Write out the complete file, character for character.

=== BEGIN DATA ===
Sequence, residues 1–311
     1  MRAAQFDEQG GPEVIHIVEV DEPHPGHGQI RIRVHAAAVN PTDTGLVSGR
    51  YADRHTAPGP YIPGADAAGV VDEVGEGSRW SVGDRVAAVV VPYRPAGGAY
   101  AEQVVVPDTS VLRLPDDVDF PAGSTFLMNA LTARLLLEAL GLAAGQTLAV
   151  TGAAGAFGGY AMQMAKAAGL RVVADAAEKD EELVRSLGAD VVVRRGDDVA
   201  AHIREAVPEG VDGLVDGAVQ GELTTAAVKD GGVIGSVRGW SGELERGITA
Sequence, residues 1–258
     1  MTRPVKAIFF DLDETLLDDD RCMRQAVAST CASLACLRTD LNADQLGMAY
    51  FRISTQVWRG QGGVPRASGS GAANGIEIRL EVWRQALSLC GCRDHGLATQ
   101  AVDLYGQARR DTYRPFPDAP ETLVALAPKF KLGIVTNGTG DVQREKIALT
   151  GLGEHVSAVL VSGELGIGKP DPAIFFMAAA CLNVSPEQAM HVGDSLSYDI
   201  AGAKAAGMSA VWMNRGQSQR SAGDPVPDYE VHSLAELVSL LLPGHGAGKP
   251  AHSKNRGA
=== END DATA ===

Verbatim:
Sequence, residues 1–311
     1  MRAAQFDEQG GPEVIHIVEV DEPHPGHGQI RIRVHAAAVN PTDTGLVSGR
    51  YADRHTAPGP YIPGADAAGV VDEVGEGSRW SVGDRVAAVV VPYRPAGGAY
   101  AEQVVVPDTS VLRLPDDVDF PAGSTFLMNA LTARLLLEAL GLAAGQTLAV
   151  TGAAGAFGGY AMQMAKAAGL RVVADAAEKD EELVRSLGAD VVVRRGDDVA
   201  AHIREAVPEG VDGLVDGAVQ GELTTAAVKD GGVIGSVRGW SGELERGITA
Sequence, residues 1–258
     1  MTRPVKAIFF DLDETLLDDD RCMRQAVAST CASLACLRTD LNADQLGMAY
    51  FRISTQVWRG QGGVPRASGS GAANGIEIRL EVWRQALSLC GCRDHGLATQ
   101  AVDLYGQARR DTYRPFPDAP ETLVALAPKF KLGIVTNGTG DVQREKIALT
   151  GLGEHVSAVL VSGELGIGKP DPAIFFMAAA CLNVSPEQAM HVGDSLSYDI
   201  AGAKAAGMSA VWMNRGQSQR SAGDPVPDYE VHSLAELVSL LLPGHGAGKP
   251  AHSKNRGA